1. Brockett BFT, Prescott CE, Grayston SJ. Soil moisture is the major factor influencing microbial community structure and enzyme activities across seven biogeoclimatic zones in western Canada. Soil Biol Biochem. 2012;44(1):9–20.

    CAS  Article  Google Scholar 

  2. Gamfeldt L, Lefcheck JS, Byrnes JEK, Cardinale BJ, Duffy JE, Griffin JN. Marine biodiversity and ecosystem functioning: what's known and what's next? Oikos. 2015;124(3):252–65.

    Article  Google Scholar 

  3. Edlinger A, Saghai A, Herzog C, Degrune F, Garland G. Towards a multidimensional view of biodiversity and ecosystem functioning in a changing world. New Phytol. 2020;228(3):820–2.

    PubMed  Article  Google Scholar 

  4. Xie LW, Zhong J, Chen FF, Cao FX, Li JJ, Wu LC. Evaluation of soil fertility in the succession of karst rocky desertification using principal component analysis. Solid Earth. 2015;6(2):515–24.

    Article  Google Scholar 

  5. Su Y, Tang Q, Mo F, Xue Y. Karst tiankengs as refugia for indigenous tree flora amidst a degraded landscape in southwestern China. Sci Rep. 2017;7:4249.

    PubMed  PubMed Central  Article  CAS  Google Scholar 

  6. Pu G, Lv Y, Xu G, Zeng D, Huang Y. Research Progress on karst Tiankeng ecosystems. Bot Rev. 2017;83(1):5–37.

    Article  Google Scholar 

  7. Zhu XW. China’s karst tiankeng and its value for science and tourism. Sci Technol Rev. 2001;10:60–3.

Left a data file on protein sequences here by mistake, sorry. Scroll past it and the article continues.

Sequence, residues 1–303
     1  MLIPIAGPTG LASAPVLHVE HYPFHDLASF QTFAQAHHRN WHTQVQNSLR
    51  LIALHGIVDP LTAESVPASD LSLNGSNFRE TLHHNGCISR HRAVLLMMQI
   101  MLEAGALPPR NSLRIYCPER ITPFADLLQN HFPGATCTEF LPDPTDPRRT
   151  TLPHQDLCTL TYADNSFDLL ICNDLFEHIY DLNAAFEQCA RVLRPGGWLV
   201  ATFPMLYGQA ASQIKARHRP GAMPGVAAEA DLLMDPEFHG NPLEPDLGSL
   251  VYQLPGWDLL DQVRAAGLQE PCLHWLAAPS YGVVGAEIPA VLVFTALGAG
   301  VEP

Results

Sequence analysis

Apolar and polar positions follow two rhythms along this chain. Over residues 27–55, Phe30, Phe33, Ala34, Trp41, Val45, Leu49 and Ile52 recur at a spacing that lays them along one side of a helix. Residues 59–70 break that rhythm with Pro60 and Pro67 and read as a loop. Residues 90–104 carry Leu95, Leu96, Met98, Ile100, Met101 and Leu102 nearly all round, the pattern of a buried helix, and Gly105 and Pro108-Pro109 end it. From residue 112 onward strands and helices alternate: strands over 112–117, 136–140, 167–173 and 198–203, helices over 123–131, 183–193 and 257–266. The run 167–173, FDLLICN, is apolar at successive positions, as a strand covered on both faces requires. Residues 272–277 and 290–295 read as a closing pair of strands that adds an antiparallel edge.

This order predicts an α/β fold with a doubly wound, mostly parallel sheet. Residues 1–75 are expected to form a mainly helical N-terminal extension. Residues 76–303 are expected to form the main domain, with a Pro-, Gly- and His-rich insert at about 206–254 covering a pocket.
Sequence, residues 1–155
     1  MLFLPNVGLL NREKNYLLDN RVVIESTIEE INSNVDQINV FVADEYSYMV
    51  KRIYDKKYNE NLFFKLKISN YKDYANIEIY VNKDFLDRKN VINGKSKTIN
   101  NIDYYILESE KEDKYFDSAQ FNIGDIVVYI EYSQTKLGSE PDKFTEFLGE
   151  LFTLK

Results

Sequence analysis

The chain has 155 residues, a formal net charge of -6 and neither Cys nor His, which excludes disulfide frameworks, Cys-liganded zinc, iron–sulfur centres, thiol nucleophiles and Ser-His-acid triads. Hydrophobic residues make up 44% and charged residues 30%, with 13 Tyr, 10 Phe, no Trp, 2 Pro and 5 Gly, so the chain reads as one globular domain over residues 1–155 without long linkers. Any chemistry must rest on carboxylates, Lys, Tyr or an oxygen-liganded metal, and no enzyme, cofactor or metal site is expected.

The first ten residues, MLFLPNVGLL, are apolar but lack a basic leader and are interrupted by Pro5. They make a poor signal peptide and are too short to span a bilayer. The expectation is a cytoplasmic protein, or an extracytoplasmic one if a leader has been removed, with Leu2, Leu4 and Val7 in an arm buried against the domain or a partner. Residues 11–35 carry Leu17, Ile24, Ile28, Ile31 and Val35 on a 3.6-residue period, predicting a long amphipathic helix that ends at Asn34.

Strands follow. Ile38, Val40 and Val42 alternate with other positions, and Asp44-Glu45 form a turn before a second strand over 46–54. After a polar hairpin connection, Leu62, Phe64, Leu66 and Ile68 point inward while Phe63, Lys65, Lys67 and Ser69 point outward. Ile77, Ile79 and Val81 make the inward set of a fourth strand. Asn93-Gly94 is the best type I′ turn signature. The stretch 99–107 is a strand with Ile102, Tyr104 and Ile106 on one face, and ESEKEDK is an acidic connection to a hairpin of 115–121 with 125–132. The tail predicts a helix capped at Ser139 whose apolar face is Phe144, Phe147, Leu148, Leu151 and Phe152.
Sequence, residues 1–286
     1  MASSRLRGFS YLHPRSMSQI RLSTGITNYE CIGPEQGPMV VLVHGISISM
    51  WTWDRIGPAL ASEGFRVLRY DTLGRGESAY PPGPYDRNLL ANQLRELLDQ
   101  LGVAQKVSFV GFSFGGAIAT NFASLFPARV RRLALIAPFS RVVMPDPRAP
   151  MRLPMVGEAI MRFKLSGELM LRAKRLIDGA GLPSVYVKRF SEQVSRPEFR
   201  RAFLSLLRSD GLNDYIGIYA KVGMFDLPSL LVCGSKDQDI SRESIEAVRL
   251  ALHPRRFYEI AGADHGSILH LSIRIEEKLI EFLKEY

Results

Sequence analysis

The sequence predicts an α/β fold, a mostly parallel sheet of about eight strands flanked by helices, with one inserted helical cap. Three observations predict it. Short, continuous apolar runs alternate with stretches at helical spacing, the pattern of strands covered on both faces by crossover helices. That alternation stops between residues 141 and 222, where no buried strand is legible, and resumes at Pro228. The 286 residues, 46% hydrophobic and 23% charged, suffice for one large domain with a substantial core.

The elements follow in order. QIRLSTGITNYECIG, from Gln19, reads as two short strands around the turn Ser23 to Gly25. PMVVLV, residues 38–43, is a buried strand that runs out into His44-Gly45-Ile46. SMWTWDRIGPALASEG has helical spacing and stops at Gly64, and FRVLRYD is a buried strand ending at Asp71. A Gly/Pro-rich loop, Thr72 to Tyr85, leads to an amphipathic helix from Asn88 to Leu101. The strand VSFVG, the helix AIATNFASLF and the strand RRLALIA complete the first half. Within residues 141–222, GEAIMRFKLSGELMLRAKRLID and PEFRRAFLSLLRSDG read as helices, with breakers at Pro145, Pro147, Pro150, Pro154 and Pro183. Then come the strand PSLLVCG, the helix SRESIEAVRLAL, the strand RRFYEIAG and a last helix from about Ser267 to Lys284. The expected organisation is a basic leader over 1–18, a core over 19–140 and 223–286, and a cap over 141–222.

Google Scholar 

  8. Ozkan K, Gulsoy S, Mert A, Ozturk M, Muys B. Plant distribution-altitude and landform relationships in karstic sinkholes of Mediterranean region of Turkey. J Environ Biol. 2010;31(1–2):51–60.

    PubMed  Google Scholar 

  9. Kovacic G, Ravbar N. Analysis of human induced changes in a karst landscape - the filling of dolines in the Kras plateau, Slovenia. Sci Total Environ. 2013;447:143–51.

    CAS  PubMed  Article  Google Scholar 

  10. Shui W, Chen YP, Wang YW, Su ZA, Zhang S. Origination, study progress and prospect of karst tiankeng research in China. Acta Geograph Sin. 2015;70:431–46.

    Google Scholar 

  11. Chen YP, Jiang C, Jian XM, Shui W, Hu Y, Ma T, et al. Spatial distribution characteristics of grassland plant communities in a moderately degraded tiankeng in Zhanyi, Yunnan. Acta Ecol Sinica. 2018;38(22):8008–21.

    Google Scholar 

  12. Kong X, Luan R, Hong T, Qin X, Qi S. Sedimentary record of metal elements in the Dashiwei sinkhole section of Bailang underground river,Guangxi. Carsologica Sinica. 2017;36(5):668–77.

    CAS  Google Scholar 

  13. Shi P, Koerner C, Hoch G. A test of the growth-limitation theory for alpine tree line formation in evergreen and deciduous taxa of the eastern Himalayas. Funct Ecol. 2008;22(2):213–20.

    Article  Google Scholar 

  14. Kardol P, Wardle DA. How understanding aboveground-belowground linkages can assist restoration ecology. Trends Ecol Evol. 2010;25(11):670–9.